December 10, 2015

How to Inkle

I had a request for a How-to on this, so here it is. This first post is just the basics, though. The loom, how to warp it, how to weave on it.

This is an inkle loom.

An inkle loom standardly has a bunch of pegs to wind the threads around, including one to hold the string heddles, plus something to adjust the tension with.

A lot of inkles have one peg that can be moved along a track. This one has a flap that swings around.

Here are the other things you'll want in order to weave a Baltic pickup band, minus one thing.

Here we have yarn in three colors (pattern, background and accent), tape measure, tapestry needle, string heddle, and belt shuttle.

What's missing is a pickup stick. A pickup stick is about two inches wide, between an eighth and a quarter of an inch thick, and has a flat tapered end. You use it to pick up pattern threads and hold them in position. The only one I have, and it's 18" long, which is a pain to work with for this.

This is a string heddle.

A heddle is anything used to raise or lower sets of threads during weaving, or to hold them still while other sets are lowered or raised. These string heddles are looped from the heddle peg around every other thread of the band. The other threads, called open threads, are then manipulated.

This is a belt shuttle.

Belt shuttles are small shuttles with one blunt edge that yarn or thread is wrapped around and one tapered edge used to beat the weaving.

Warping the loom! My least-favorite part.

The reason inkle looms have so many pegs (and this is a small one with few pegs, by the way) is so you can warp it different ways for different lengths of band. This one has a maximum warp length of about 60".

This is what the short path looks like.

You tie the end of the first string to the bottom front peg using a slip knot or a quick release knot, anything you can untie again relatively easily.

The first thread is an open, unheddled thread, and goes straight to the tension flap or back peg.

The second thread goes over the top front peg and then gets a string heddle looped from the heddle peg, around it, and back to the heddle peg.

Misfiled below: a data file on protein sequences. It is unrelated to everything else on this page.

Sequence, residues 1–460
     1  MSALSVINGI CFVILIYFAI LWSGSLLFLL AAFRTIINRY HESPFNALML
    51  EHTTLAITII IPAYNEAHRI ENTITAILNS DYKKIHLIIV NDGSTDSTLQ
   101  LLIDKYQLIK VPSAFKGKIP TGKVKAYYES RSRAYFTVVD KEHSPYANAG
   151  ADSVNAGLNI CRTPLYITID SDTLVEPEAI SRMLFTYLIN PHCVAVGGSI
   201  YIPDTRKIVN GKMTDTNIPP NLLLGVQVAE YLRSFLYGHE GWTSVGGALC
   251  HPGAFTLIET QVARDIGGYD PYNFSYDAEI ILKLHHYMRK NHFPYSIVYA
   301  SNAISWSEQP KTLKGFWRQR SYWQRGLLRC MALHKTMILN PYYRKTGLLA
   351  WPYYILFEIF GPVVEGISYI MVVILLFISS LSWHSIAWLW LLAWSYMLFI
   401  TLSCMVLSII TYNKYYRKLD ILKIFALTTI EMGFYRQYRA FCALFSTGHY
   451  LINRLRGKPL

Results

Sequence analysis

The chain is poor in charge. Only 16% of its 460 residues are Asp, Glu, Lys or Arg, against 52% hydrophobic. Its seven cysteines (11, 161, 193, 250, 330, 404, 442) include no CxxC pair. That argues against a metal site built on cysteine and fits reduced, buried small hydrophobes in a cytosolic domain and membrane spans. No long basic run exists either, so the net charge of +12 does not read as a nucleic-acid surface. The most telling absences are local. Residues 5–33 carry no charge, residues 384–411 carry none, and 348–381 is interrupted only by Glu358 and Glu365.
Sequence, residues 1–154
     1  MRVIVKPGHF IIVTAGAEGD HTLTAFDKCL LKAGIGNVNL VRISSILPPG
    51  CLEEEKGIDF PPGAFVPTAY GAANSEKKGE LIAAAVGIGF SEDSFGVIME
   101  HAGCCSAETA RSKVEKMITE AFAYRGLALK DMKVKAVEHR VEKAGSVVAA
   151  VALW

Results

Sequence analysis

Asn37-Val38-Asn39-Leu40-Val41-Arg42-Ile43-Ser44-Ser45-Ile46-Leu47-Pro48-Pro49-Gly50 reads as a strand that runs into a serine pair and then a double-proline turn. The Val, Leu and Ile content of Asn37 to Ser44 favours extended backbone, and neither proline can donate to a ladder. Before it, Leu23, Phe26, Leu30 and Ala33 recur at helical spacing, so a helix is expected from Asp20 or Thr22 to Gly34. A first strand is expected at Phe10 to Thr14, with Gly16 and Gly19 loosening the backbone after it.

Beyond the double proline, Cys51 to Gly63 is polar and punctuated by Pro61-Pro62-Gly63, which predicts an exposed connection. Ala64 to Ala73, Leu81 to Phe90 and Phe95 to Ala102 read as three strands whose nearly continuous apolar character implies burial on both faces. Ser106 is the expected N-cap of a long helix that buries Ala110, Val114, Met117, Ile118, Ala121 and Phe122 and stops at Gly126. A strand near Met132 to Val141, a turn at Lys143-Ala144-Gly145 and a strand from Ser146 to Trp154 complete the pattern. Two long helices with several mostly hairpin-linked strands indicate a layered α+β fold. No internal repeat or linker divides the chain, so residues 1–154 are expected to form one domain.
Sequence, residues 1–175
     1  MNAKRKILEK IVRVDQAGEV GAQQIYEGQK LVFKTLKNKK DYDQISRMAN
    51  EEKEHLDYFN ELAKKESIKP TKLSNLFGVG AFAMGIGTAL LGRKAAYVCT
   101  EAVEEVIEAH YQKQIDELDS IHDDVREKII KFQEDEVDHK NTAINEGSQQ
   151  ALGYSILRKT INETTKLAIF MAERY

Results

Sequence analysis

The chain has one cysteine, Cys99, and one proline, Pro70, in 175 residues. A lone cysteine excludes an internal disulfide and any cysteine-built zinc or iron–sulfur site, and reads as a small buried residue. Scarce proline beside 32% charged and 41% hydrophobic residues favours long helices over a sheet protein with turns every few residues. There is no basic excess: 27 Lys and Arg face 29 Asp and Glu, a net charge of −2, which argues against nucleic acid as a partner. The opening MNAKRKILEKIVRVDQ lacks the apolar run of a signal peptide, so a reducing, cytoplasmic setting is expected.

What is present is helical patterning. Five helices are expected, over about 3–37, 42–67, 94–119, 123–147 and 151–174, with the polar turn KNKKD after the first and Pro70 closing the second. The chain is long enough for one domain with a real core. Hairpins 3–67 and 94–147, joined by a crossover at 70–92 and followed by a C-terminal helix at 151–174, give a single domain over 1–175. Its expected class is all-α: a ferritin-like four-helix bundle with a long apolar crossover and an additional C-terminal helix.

Then you alternate open and heddle strings until you've done all of them.

When you're finished warping, untie the end of the first thread and tie it to the end of the last with a square knot.

It's important when warping the loom to maintain consistent tension. This is always important, of course. It's actually slightly less crucial here, because an inkle loom takes a continuous warp -- the full path of the entire thing is a circle -- which means you can even out the tension if you make an error. Just have the tension a little loose and pull on all the threads. If anything's much looser than the rest, pull on the tighter threads around it to take up the slack. Then tighten up the tension again.

To manipulate the sets of threads, just press down or pull up on the open threads.

So that looks like this. You push down on the open threads and pass the shuttle through the shed.

After a couple of passes, start tightening it up, pulling the warp threads together. Remember, those are the only ones you want to show really. You may find the first couple of inches a little wobbly starting out. If so, you may want to start with an inch of weaving it a different color to get it straightened out before you start weaving on your project. Just take it out later.

And before we wrap up, here's what the long path on my little inklette looks like.

That's all for this part. Next up: Actual Baltic Pickup Weaving!